Bottom Line: Everyone is bracing for violence as the Supreme Court in Ghana officially announces 29 August as the date for the pronouncement of its final verdict for an opposition petition to overturn December 2012 elections.
Analysis: The US Embassy in Ghana has issued a warning to its citizens of the possibility of isolated violence following the 29 August verdict. Immediately following the US issuance of the warning to its citizens, the government of Ghana rejected this assessment, saying that while some precautionary measures might be necessary due to high political tensions, it did not anticipate any violence following the Supreme Court verdict.
The Supreme Court case is unprecedented in Africa. The Court has been hearing the case for over three months, and on 29 August will announce its final verdict, which will either favor the president or the petitioners in the form of the opposition New Patriotic Party (NPP) and its presidential candidate Addo Dankwa Akufo-Addo, who only narrowly lost the December 2012 elections to President John Mahama. The NPP is claiming irregularities in the new biometric voting system and is calling for an annulment of the election results.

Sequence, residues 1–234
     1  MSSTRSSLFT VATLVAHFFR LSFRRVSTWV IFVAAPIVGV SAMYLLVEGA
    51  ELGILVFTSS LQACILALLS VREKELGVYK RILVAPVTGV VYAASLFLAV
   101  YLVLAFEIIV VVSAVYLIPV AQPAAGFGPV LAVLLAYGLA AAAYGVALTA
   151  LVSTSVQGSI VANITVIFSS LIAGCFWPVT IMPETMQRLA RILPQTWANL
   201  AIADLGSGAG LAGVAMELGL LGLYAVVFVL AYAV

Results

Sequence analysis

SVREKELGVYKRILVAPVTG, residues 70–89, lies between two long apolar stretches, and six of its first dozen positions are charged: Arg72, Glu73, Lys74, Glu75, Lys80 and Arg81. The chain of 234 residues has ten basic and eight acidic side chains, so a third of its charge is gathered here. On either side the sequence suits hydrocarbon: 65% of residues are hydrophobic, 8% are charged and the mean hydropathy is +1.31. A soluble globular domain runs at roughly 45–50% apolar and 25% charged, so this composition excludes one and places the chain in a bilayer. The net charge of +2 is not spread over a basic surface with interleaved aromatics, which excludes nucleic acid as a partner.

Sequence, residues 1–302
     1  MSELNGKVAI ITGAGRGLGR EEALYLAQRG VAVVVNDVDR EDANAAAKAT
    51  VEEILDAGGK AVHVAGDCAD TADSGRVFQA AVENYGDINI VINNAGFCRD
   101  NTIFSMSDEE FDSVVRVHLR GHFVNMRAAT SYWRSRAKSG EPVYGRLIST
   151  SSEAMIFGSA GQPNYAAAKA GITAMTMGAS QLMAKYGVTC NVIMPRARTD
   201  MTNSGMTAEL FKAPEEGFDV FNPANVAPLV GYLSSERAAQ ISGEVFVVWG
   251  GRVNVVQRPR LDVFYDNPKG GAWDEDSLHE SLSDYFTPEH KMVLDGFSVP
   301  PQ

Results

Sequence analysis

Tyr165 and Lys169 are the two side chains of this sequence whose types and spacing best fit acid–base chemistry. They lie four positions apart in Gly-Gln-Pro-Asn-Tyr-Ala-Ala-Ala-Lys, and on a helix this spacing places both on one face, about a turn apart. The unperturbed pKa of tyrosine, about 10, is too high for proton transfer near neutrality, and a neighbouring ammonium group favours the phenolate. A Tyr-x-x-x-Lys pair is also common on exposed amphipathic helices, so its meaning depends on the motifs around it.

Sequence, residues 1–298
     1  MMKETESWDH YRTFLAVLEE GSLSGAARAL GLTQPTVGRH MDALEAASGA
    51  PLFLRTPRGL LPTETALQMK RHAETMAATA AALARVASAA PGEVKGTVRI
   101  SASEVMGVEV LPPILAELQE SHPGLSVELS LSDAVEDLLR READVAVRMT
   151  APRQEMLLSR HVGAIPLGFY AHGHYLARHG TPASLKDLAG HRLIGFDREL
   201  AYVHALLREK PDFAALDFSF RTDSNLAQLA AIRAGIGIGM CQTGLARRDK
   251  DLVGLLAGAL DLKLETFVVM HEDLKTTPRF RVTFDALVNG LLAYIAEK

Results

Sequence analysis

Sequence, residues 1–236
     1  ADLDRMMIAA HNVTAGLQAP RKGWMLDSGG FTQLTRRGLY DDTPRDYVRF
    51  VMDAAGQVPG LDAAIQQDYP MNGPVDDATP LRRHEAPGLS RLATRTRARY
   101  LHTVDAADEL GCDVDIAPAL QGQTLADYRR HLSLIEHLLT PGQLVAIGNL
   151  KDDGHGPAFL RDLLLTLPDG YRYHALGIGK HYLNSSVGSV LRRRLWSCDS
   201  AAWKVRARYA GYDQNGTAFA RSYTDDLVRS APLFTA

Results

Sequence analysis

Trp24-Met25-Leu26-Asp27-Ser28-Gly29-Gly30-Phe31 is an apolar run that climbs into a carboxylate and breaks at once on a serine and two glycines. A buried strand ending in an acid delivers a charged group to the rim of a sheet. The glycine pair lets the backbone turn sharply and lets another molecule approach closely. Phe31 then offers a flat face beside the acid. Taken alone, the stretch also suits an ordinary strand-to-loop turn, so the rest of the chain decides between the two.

Recommendation: There is more likelihood that the Supreme Court will rule in favor of President Mahama, in the interests of stability. The process has dragged on for long enough to ensure that Mahama is entrenched in office and will be difficult to remove. Regardless of whom the final verdict favors, we should be prepared for potential isolated violence. There is more chance of violent upheaval if there is an attempt to remove Mahama from power at this point, but certain fringe support groups attached to the NPP are also likely to create agitation if the verdict is in favor of Mahama. We will continue to follow developments in Ghana closely, and remind you to review our in-depth report on the situation in last week’s Premium Newsletter. For private clients, we are particularly following the energy sector, the evolving power brokers, and potential changes in energy leadership and regulations as a result of the political situation.